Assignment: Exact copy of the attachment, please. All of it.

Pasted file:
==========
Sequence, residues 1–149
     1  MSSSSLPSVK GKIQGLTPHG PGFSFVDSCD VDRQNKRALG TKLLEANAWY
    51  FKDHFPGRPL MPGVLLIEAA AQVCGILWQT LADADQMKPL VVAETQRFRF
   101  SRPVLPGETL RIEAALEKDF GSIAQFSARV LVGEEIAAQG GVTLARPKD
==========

Sequence, residues 1–149
     1  MSSSSLPSVK GKIQGLTPHG PGFSFVDSCD VDRQNKRALG TKLLEANAWY
    51  FKDHFPGRPL MPGVLLIEAA AQVCGILWQT LADADQMKPL VVAETQRFRF
   101  SRPVLPGETL RIEAALEKDF GSIAQFSARV LVGEEIAAQG GVTLARPKD